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April 2020
Feature

Getting to know... CLT DRP

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Published: 1:00 pm, February 21, 2020
Getting to know... CLT DRP

Brighton-based punks CLT DRP have signed to Small Pond Records for the release of their debut album, 'Without The Eyes'. Due on 15th May, it's set to be a vital record for spring, full of on-point social commentary, disarming honesty, and their very own brand of tongue-in-cheek humour ("There's a lot of confusion with our band name, so our friend Kristen Hunt came up with an easy fix," they explain of the title). Daphne, Annie and Scott tell us about their band.

Hi CLT DRP, how's it going? Having a good week?

Annie:
Hey hey, we are currently driving to Glasgow with InTechnicolour for the start of our baby tour.

Tell us about your band - who are you all, where did you meet, and what drew you to making music together?

Scott:
We are Daphne Koskeridou, Annie Dorrett and I, we make CLT DRP. We met at University in 2015, basically I wanted to start a drum and bass metal band, and it turned into this. I knew I wanted an absolute machine on drums and having seen and played with Daphne before I knew she was the one. Annie struck me in two ways: first, when I saw her live, I was blown away by the presence she had and knew that would be crucial with this project. The second time was when I saw her play solo acoustic and heard what a beautiful voice she has too. Having that much versatility is exciting.
Annie:
Yeah, it turned out to be a nice little surprise, didn't it?

Have you always known that you want to be musicians? Is it living up to the hype so far?

Scott:
Well, I picked up a guitar at 7 years old. My older brother played drums in a band and seeing him play was really inspiring. All his mates would come round and be listening to Therapy? Nirvana, Prodigy, Metallica, Primus etc... they were good days.
Annie:
I sang from a young age, but mostly Avril Lavigne and musical theatre. I didn't know I wanted to write this kind of music until I moved to England really.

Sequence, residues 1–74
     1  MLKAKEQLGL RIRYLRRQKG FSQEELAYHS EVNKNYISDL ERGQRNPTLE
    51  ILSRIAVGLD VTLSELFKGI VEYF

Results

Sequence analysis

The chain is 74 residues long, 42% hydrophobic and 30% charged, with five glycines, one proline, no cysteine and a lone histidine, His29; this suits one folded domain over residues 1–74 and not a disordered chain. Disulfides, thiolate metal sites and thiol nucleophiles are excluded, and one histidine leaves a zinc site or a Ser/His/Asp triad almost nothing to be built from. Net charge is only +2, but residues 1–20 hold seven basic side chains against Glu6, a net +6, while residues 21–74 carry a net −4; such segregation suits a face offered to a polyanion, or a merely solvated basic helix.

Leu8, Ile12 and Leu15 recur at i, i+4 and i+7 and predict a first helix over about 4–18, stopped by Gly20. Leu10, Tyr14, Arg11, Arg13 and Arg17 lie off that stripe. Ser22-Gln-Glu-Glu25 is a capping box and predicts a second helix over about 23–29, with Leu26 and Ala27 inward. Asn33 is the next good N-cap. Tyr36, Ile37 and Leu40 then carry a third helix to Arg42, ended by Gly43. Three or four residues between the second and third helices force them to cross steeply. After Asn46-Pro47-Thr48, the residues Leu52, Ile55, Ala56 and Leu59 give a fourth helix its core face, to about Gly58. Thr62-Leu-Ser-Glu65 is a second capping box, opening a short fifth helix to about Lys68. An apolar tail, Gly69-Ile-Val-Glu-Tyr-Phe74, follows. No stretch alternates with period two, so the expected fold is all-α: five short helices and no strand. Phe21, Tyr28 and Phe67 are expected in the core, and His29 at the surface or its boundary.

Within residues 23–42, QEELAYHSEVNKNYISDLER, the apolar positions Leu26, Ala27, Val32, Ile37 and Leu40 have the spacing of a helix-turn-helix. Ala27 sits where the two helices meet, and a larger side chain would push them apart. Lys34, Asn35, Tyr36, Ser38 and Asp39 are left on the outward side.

Daphne:
Funnily enough my first ever instrument was classical guitar at the age of 6. I think since then I always felt music was the one for me and when I picked up the drums at the age of 10 I was sure that's what I wanted to be doing. CLT DRP is definitely living up to the hype of being a musician and mostly a performer.

What was your entry point into feminist punk, did you grow up around this kind of music?
Scott:
I always liked rebellious kind of music, not necessarily feminist punk... but in all honesty, I was inspired by meeting my wife about 9 years ago. She's educated and challenged me quite a bit to be better.
Annie:
I didn't really grow up around punk or rock music, to be honest. I grew up with pop, musicals and weird acoustic folky music. It's been a long process of finding feminism, and I'm still working on it. Moving to England and being involved in the music scene was my entry point really. I just started going to a lot of live shows that exposed me to new genres and people.
Daphne:
I didn't really grow up around feminist punk or feminism in general, I think since moving to the UK I've been introduced to both things properly.

Love your new single 'Where The Boys Are', where did it come from? What was the writing process like?
Daphne:
When Scott brought the slicer riff in practice, I just instantly started playing the drum groove. We jammed around it a few times and the song was pretty much there. Annie came in and highlighted it perfectly with her amazing lyrics and execution of them.
Annie: